My first CES experience was CES 2018, where I got to go represent LG Silicon Valley Lab (the name has since changed to LG America R&D Lab) to show off our team's work.
We were part of the Automotive Grade Linux exhibit, showing off an automotive HMI concept and services surrounding it, including a cloud mobility service for fleet management based on smartphone data (ahead of its time) and a driving simulator used for development and testing of in-vehicle infotainment interfaces.
Automotive Grade Linux (AGL) is a Linux Foundation project with member companies that work towards developing an automotive-grade operating system and surrounding ecosystem. LG Silicon Valley, with its historical expertise and development of webOS (which succeeded Palm OS), was involved in contributing many parts to AGL, including the compositor, media capabilities, and web application frameworks. Today, webOS is deployed on the millions of LG smart TVs worldwide.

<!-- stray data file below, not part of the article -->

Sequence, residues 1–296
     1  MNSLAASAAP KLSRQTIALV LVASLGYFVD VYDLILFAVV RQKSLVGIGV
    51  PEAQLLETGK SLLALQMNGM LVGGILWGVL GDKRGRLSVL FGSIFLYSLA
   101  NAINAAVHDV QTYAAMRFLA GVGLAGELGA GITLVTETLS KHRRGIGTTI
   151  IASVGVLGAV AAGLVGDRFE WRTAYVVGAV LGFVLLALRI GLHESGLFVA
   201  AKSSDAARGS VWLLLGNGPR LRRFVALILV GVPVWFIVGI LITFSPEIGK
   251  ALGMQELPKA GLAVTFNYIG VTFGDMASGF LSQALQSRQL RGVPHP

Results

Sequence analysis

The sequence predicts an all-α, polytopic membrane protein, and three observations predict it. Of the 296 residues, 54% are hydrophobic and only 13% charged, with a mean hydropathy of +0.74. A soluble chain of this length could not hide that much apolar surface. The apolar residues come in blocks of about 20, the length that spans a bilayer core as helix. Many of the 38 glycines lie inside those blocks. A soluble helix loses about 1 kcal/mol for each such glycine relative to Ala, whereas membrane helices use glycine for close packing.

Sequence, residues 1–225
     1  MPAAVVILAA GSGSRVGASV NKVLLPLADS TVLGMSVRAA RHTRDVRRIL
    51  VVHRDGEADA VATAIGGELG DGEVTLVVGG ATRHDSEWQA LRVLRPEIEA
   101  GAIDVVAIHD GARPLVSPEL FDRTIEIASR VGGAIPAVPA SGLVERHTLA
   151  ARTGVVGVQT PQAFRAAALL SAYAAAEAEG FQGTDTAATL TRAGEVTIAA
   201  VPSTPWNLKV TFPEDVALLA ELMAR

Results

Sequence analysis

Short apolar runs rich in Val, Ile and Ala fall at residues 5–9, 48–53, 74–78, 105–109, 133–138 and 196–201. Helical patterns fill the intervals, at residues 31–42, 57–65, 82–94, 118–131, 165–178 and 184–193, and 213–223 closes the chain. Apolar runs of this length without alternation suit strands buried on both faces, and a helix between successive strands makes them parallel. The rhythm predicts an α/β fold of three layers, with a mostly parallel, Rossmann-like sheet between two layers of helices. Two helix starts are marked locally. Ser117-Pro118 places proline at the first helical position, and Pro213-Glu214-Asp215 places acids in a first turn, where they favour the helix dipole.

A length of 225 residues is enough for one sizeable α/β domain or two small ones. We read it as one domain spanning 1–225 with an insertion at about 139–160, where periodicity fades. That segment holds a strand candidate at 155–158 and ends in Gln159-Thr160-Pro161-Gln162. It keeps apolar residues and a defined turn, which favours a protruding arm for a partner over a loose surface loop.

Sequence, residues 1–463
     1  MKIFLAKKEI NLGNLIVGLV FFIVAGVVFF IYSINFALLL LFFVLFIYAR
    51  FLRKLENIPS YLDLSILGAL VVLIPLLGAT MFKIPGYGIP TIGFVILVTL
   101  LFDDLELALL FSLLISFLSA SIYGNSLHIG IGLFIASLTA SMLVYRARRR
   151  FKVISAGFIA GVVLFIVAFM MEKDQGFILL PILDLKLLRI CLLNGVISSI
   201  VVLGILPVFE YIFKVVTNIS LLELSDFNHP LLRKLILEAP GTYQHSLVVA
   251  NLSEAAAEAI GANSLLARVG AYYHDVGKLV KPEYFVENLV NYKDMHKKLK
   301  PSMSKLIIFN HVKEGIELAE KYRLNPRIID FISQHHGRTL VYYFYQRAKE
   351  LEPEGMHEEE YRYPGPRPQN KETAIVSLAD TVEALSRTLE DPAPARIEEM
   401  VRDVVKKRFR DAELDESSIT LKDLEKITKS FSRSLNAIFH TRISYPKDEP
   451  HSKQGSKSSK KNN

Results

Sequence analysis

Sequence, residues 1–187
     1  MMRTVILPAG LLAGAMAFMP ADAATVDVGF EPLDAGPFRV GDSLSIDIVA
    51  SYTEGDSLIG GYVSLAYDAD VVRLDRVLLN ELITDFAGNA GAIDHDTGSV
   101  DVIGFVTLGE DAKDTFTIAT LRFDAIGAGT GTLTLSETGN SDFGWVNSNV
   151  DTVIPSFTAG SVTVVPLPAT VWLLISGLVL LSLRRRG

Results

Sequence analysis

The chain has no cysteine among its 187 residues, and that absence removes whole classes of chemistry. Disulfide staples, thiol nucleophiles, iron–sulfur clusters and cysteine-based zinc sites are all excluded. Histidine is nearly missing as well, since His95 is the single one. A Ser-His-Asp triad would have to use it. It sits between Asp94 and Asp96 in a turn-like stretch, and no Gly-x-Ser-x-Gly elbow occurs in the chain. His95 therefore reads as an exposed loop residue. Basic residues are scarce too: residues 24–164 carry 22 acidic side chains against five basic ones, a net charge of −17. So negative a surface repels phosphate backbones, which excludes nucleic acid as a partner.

You can see the beginnings of what would become SVL Simulator here. It was originally a driving simulator used to demonstrate the capabilities of the dashboard and cluster HMI we built to showcase our embedded operating system. Something that's still so cool to me: we're streaming the HMI screen back to the simulator, and displaying it! You can imagine how you could enable VR user testing for developing future in-car experiences.